Carbon is only part of the story in the Southern Ocean. Scientists are also beginning to pin down what happens to all the heat that gets absorbed there.
The Southern Ocean is the starting point for a network of currents that carry water, heat and nutrients throughout the ocean basins. Near Antarctica, surface waters normally grow cold and dense enough to sink to the bottom of the ocean, forming abyssal currents that hug the sea floor as they flow north into the Pacific, Atlantic and Indian oceans.
Much of what scientists know about these currents comes from ship surveys conducted every decade or so since the early 1990s. In 2010, when researchers analysed data from the surveys, they found a pronounced warming trend in abyssal waters, which were somehow absorbing about 10% of the excess heat arising from global warming5.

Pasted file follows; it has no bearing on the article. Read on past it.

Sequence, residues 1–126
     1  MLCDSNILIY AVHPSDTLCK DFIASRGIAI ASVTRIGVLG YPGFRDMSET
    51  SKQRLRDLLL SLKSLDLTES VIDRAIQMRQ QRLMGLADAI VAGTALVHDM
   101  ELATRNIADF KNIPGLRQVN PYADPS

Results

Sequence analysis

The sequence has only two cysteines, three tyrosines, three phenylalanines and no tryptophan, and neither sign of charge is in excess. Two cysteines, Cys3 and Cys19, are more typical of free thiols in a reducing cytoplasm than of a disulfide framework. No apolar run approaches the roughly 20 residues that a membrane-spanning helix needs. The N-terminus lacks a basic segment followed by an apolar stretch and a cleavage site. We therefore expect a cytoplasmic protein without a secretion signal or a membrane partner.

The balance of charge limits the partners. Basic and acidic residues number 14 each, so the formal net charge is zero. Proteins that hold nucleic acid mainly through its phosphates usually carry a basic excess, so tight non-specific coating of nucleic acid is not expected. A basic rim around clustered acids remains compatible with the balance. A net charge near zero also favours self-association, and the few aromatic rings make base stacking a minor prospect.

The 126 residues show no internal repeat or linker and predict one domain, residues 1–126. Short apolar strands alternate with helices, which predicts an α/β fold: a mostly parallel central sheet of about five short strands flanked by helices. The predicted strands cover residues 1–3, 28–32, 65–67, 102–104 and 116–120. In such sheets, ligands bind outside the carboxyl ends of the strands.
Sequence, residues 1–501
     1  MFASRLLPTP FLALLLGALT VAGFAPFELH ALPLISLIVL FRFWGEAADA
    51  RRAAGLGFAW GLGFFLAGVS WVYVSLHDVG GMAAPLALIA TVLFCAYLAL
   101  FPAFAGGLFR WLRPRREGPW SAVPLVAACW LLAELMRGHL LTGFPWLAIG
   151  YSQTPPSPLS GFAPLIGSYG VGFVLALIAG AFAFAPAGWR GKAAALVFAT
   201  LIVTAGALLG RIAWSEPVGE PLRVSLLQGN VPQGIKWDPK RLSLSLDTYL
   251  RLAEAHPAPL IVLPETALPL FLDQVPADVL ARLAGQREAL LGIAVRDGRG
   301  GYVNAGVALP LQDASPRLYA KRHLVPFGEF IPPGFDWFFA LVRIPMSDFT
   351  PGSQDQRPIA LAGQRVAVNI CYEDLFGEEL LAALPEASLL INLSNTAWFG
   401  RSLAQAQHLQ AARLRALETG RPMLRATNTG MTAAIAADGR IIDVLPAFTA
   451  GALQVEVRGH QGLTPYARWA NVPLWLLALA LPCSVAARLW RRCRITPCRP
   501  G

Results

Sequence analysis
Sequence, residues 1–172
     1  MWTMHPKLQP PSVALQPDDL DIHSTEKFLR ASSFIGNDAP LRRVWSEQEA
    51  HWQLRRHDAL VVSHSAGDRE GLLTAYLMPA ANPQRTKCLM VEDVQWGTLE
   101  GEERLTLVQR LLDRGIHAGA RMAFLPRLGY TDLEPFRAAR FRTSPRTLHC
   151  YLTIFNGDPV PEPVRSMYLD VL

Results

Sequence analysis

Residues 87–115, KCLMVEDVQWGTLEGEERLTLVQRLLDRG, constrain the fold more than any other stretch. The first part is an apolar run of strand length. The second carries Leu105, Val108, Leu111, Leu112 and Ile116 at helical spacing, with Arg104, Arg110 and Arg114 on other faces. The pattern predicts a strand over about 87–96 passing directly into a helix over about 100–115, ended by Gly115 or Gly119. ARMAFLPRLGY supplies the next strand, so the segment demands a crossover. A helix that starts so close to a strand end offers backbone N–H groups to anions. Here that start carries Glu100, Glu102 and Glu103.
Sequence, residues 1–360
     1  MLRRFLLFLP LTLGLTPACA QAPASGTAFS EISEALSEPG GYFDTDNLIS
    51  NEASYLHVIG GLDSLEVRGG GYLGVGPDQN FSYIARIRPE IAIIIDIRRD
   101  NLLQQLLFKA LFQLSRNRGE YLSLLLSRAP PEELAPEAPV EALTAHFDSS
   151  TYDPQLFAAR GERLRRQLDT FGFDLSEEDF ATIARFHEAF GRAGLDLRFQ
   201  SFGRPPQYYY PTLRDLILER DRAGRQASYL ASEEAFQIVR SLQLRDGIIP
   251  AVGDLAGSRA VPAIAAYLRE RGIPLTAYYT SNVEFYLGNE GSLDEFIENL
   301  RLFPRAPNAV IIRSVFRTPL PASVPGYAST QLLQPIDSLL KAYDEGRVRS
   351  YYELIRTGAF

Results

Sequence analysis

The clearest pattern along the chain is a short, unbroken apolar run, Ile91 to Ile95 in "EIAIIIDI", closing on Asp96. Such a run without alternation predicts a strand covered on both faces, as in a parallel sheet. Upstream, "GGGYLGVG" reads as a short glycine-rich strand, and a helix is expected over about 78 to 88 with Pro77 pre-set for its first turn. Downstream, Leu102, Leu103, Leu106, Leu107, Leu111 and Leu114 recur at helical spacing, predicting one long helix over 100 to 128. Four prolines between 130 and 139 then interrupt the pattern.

The level of warming in the deep ocean came as a surprise, and researchers have proposed several explanations that centre on the Southern Ocean. One factor could be that surface waters around Antarctica have become less salty, in part because of an increase in summer rainfall over the ocean. Fresher surface water is less dense, so that change would choke the supply of cold water sinking to the sea floor to feed the bottom currents. “The deep water warms up because it’s not getting as much cold-water replenishment,” says Gregory Johnson, an oceanographer with the National Oceanic and Atmospheric Administration (NOAA) in Seattle, Washington, who co-authored the 2010 analysis.
“The Southern Ocean is doing us a big favour at the moment, but it's not necessarily the case that it will continue.”